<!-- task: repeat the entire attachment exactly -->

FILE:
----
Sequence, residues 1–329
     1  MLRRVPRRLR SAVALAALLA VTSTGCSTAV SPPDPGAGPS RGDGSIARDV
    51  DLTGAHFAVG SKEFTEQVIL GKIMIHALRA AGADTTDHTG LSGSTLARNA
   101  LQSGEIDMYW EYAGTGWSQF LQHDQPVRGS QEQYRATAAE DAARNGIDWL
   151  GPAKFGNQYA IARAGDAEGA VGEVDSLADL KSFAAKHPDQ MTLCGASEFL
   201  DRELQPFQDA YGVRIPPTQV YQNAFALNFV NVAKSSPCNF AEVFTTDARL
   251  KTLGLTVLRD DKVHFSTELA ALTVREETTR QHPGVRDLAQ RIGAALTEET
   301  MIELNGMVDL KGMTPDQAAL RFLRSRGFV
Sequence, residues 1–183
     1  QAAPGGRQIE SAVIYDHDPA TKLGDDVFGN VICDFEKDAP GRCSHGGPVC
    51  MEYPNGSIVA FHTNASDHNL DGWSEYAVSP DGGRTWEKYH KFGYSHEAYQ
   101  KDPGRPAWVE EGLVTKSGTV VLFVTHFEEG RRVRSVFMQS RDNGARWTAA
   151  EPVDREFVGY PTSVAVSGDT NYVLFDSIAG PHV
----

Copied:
Sequence, residues 1–329
     1  MLRRVPRRLR SAVALAALLA VTSTGCSTAV SPPDPGAGPS RGDGSIARDV
    51  DLTGAHFAVG SKEFTEQVIL GKIMIHALRA AGADTTDHTG LSGSTLARNA
   101  LQSGEIDMYW EYAGTGWSQF LQHDQPVRGS QEQYRATAAE DAARNGIDWL
   151  GPAKFGNQYA IARAGDAEGA VGEVDSLADL KSFAAKHPDQ MTLCGASEFL
   201  DRELQPFQDA YGVRIPPTQV YQNAFALNFV NVAKSSPCNF AEVFTTDARL
   251  KTLGLTVLRD DKVHFSTELA ALTVREETTR QHPGVRDLAQ RIGAALTEET
   301  MIELNGMVDL KGMTPDQAAL RFLRSRGFV
Sequence, residues 1–183
     1  QAAPGGRQIE SAVIYDHDPA TKLGDDVFGN VICDFEKDAP GRCSHGGPVC
    51  MEYPNGSIVA FHTNASDHNL DGWSEYAVSP DGGRTWEKYH KFGYSHEAYQ
   101  KDPGRPAWVE EGLVTKSGTV VLFVTHFEEG RRVRSVFMQS RDNGARWTAA
   151  EPVDREFVGY PTSVAVSGDT NYVLFDSIAG PHV